Flotsam & Jetsam: September 20, 2013
The Granite State hates Miley Cyrus, Annie Kuster's voting habits and The Boston Globe endorses the Northern Pass
Kashing out on Kuster
If you’ve been paying even the slightest bit of attention to the voting habits of Annie Kuster, the honorable congresswoman from New Hampshire’s 2nd District, you know that she’s not exactly getting rave reviews from fellow Democrats who reside to her left, politically speaking.
And, considering the way some of her votes have been directed, there appears to be plenty of room to Kuster’s left.
A memory refresher: Since taking office, the freshman congresswoman has cast some votes that have variously concerned, upset and angered those Disgruntled Dems. Among them were a vote to water-down tougher regulations governing derivatives trading; a vote to support the Cyber Intelligence Sharing and Protection Act (which would sanction the sharing of online info between the government and the private sector); a vote in committee (and later reversed) to limit access to food stamps; and her vote against a measure that would have ended the National Security Administration’s wide-ranging data collection activities.
But it may be that the biggest reason the more liberal among the state’s Dems are growing more and more irritated by Kuster is her decision over the summer to join the New Democrat Coalition of House members – a group that describes itself as a “moderate, pro-growth” group, but liberals see as “conservative, Big Business-oriented” and “corporate tools.”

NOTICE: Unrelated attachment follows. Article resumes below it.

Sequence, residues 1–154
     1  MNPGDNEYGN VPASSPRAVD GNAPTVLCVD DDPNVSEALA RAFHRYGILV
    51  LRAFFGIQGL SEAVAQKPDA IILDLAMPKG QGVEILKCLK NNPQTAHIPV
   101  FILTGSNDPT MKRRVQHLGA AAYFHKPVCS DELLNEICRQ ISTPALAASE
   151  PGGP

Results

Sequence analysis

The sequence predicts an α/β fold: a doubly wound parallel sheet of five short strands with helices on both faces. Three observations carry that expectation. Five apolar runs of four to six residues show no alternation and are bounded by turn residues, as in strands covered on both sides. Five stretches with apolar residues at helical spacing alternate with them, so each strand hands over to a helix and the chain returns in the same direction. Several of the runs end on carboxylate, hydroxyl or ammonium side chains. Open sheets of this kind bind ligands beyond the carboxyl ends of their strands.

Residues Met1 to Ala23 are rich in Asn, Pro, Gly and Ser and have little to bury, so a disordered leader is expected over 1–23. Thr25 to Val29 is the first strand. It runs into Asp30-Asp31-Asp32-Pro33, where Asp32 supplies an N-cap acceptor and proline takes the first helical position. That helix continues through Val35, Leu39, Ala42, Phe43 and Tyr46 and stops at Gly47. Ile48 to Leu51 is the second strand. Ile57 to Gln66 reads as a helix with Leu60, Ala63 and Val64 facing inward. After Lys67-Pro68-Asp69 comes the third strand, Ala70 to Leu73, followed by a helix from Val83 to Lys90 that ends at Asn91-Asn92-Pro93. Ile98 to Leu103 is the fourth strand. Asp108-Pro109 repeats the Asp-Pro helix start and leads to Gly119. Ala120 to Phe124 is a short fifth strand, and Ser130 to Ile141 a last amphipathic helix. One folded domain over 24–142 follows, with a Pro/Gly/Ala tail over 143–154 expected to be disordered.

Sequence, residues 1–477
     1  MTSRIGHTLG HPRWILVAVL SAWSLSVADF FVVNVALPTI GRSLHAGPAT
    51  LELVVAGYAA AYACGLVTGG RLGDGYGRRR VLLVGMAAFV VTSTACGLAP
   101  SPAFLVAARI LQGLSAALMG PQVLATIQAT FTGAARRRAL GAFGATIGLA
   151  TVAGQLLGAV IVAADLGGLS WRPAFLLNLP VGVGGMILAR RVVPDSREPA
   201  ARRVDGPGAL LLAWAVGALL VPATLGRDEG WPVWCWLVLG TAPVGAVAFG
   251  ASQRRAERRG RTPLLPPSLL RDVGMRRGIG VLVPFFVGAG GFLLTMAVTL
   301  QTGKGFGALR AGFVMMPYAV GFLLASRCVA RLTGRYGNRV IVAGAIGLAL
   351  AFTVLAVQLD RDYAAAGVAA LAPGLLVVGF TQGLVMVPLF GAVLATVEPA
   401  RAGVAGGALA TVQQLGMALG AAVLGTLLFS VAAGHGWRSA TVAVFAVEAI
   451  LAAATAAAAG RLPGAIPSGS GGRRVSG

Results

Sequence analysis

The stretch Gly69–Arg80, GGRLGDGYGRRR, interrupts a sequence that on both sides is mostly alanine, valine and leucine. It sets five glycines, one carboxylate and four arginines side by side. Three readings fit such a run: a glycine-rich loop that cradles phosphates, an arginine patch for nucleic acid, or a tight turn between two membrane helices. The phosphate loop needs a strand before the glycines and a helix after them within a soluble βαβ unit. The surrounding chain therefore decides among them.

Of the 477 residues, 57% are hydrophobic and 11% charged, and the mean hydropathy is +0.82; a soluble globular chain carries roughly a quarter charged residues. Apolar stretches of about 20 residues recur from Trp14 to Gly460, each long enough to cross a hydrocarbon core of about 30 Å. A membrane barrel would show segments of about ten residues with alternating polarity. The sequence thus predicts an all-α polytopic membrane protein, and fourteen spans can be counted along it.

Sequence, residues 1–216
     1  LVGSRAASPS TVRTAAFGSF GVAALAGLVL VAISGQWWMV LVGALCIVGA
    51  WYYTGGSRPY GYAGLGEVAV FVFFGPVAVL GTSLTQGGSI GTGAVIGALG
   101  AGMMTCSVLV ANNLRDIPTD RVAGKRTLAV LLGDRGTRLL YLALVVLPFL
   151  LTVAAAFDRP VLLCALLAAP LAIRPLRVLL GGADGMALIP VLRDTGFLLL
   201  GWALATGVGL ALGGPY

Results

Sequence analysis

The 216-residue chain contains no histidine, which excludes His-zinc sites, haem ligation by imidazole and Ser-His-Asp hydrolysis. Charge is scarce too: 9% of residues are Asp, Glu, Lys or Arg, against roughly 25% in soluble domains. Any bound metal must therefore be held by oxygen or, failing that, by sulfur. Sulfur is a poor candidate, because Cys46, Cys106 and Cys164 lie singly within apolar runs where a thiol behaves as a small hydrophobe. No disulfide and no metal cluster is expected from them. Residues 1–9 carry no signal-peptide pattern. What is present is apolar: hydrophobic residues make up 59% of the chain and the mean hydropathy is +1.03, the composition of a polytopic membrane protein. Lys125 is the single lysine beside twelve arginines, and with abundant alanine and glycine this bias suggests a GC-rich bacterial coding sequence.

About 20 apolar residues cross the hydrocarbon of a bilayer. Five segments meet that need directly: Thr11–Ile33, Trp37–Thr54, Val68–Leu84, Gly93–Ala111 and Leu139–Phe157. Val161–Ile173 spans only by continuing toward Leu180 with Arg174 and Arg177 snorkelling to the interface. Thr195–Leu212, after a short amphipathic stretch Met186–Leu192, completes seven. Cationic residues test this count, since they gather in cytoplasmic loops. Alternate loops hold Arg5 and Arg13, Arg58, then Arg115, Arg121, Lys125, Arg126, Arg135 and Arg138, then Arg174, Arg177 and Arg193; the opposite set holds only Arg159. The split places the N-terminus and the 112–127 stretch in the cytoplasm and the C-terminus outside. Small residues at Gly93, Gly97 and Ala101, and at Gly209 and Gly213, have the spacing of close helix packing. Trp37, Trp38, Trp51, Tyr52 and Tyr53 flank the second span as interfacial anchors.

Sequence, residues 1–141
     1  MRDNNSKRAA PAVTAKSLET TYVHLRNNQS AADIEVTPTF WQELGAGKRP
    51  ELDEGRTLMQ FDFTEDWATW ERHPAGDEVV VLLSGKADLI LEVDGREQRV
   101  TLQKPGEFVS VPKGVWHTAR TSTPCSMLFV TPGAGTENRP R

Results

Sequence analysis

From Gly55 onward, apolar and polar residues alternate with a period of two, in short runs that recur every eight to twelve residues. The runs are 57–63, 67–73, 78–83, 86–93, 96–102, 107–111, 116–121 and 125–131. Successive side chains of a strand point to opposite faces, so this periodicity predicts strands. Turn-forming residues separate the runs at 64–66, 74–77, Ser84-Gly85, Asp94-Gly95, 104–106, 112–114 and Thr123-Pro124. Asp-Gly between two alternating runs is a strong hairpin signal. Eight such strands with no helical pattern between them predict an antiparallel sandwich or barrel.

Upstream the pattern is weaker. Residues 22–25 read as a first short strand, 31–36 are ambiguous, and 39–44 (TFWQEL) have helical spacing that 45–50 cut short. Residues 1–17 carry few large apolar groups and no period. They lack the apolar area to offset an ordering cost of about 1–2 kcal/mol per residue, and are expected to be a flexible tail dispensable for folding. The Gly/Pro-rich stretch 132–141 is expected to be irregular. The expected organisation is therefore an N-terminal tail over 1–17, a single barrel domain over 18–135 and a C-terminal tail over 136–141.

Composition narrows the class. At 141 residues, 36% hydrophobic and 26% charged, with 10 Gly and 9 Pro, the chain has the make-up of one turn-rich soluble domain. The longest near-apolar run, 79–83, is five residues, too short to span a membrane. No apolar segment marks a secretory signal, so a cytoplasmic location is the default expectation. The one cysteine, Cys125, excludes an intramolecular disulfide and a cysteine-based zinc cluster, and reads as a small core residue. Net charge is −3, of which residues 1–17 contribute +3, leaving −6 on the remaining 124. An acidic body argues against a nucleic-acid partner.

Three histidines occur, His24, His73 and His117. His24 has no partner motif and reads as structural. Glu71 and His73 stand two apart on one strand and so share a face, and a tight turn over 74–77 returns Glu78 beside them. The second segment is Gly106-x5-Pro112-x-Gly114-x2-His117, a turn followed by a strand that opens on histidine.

The last group of descriptors was supplied by Howie Klein, who’s a blogger at DownWithTyranny and supports liberal candidates around the country through his Blue America PAC — which last time out raised a nice chunk of change for Kuster’s campaign.
This time, no dice. In fact, it almost sounds like Klein wants his money back.
Writes Klein, (he’s referring to a Kuster fundraising letter in which she slams “Tea Party Republicans who have decided to put party over country”): “When it comes to her committee votes, she's been a shill for corporate America and Wall Street, and if you examine her public voting record, she's like one of those Republicans she's excoriating in her letter. According to ProgressivePunch she's earned ZERO ratings– just like the Republicans– on civil rights, cyber security, infrastructure funding, corporate tax breaks, clean water and water conservation, and even global warming.”
Despite the disgruntlement, one thing is playing in Kuster’s favor – the lineup of potential GOP candidates in the 2nd C.D. Unless something drastic happens, she ain’t going nowhere, except back to D.C., in 2014.
Granite State of mind
In what could only be construed as a statement on the demographics of the Granite State, the website Business Insider recently sifted through the 158 letters sent to the FCC after Miley Cyrus’ notorious performance during MTV’s Video Music Awards show. (You may have heard about it.)
Going through zip code data from the people who got their dander up over Miley and the foam finger, etc., BI compiled a chart (headlined: “Here’s Where All The Miley Cyrus Haters Live”) showing the location of all the folks who just couldn’t keep their anger to themselves.